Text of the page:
Author Topic: More Practice  (Read 18595 times)


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More Practice
« on: May 23, 2009, 02:06:33 PM »
Yes, that's right. That's what I need. Thanks for inviting me to this forum as there's no more need for a close friend to come by and point out my common mistakes. The articles here are eye-opening enough, reminders for me to keep in my everyday life. Though there is no great pressure at work to speak perfect English, the guilt of making mistakes haunts me even at bedtime. Dear Grammar and style doctor, what do we do to improve our speaking and writing abilities?

I have been trying to contribute to some association journals for many years now, and I noticed how effective the hobby is to improving my writing style. My chosen essay topics range from gardening, mothering, traveling and managing stress in life. Short stories just talked about my everyday observations in my new cultural society. It's just nice to hear some people say that they've read my articles and enjoyed my narrations. You must be so happy here too always receiving good remarks for your writing, Mr. Carillo. I'd like to say that you are my idol  ;).

My question now is---how do we "earn" at the same time try to improve our writing skills? I am quite confused whether to continue with my " odd writing" or not. I confess, I have started writing some romance short stories (well, not just romance, but super romance...ero....) to just a few readers hoping I could improve my description style, adding suspense and correctly positioning the climax... ;D    Oh I'm so sorry. I just realized that this writing exercise is risky but surely catches the target audience's attention.Now, my problem is, they keep clamoring for more  :o.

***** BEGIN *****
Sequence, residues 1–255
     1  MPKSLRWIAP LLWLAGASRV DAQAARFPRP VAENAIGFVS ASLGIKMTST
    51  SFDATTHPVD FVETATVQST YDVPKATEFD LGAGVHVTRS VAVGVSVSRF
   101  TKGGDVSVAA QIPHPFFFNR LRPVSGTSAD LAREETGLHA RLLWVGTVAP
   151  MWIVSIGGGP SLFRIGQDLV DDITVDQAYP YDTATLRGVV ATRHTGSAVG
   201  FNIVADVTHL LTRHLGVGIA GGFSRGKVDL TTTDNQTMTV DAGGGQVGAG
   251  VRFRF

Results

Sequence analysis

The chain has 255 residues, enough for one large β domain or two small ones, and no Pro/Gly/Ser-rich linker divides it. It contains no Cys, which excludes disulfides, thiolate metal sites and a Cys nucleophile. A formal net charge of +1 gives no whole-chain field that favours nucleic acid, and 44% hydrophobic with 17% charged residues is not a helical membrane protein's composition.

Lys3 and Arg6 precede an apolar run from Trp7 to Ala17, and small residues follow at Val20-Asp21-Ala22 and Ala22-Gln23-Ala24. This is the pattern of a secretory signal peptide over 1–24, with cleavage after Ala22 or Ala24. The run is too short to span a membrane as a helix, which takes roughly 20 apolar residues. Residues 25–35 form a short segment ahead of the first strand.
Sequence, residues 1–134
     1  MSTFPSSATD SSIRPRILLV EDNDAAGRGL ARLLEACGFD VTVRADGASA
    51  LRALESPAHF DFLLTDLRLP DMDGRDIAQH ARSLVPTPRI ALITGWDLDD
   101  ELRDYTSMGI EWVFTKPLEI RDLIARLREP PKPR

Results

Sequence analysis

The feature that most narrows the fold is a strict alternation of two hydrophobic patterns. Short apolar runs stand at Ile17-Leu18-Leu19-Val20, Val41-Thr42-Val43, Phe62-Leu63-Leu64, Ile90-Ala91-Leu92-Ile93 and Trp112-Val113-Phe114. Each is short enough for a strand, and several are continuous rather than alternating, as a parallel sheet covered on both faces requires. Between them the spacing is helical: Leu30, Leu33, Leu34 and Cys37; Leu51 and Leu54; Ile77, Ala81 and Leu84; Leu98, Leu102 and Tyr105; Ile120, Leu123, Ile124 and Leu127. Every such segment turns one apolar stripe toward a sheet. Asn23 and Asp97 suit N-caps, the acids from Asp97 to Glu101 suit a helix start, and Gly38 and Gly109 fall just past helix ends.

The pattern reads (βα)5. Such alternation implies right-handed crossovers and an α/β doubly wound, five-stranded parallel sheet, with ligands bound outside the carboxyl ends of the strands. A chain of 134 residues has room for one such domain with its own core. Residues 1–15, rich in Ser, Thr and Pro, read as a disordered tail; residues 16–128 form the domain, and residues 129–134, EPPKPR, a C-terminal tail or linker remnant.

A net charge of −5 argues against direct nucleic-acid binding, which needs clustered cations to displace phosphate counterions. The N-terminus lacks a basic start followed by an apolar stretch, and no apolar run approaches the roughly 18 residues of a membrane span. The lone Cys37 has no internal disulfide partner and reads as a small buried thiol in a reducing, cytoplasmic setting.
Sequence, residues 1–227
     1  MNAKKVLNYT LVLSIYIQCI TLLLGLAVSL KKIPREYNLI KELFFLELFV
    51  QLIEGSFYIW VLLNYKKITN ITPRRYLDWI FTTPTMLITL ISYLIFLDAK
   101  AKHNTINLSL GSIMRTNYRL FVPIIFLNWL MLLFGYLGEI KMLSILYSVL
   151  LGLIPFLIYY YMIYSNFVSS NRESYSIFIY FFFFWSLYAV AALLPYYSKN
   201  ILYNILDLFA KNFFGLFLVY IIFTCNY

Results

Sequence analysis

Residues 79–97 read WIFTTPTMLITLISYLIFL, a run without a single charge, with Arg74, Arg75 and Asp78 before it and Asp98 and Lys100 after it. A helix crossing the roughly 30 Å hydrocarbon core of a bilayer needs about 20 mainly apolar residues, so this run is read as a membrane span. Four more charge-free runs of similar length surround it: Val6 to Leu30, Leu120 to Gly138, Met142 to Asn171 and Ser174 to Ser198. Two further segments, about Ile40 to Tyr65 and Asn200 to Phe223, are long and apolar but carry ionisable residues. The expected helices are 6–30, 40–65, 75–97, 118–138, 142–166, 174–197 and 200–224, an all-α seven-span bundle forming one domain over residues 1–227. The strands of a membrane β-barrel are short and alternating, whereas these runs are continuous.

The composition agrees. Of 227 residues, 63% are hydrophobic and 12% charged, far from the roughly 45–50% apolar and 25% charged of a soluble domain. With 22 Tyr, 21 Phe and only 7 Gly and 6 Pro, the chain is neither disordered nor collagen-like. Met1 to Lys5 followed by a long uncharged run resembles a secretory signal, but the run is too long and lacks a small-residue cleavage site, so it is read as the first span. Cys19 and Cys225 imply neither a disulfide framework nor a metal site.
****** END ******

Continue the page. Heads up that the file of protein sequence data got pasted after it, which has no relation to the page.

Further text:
Could you recommend a good writer for this genre?

Joe Carillo

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Re: More Practice
« Reply #1 on: May 24, 2009, 08:08:12 AM »
Thanks for the compliment! I just try to share with people what I know about English.

To earn and to continue to improve your writing at the same time, write about the things you love and enjoy thinking about and like discovering more about. Someday you’ll become so good at it that you’ll find a sizable enough audience that’s willing to pay for what you write. Dan Brown of The Da Vinci Code did it by bashing organized religion and even if some linguists consider him such a bad English-language stylist, he shook the world like crazy and is now laughing all the way to the bank and to Hollywood. And if it’s erotica that’s your cup of tea, who says that it’s not a good idea to make a living out of it? Hundreds of women writers all over the world do, and I think their productions of romance novels and other entertainments outnumber those of their male counterparts by a ratio of 80:20. Think Jacqueline Susann! Think Danielle Steele! Think Emily Loring! Think Barbara Cartland! Their works may not be great literature, but their diversions for their kindred had developed such a huge market worldwide that each of them had become an industry by herself. Their social value is, of course, that they enable women all over the world to while away their cares and forget about their day-to-day tribulations, and I think the bookstores would be gasping for air if women writers like them suddenly decided to stop production and just become plain housewives themselves for the rest of their lives.

So Madgirl, I suggest you stop getting mad about your lot as a struggling writer. Just keep on writing until you get so comfortable with your subject that your readers would really enjoy what you say and would look forward to reading more from you.

« Last Edit: May 24, 2009, 08:09:52 AM by Joe Carillo »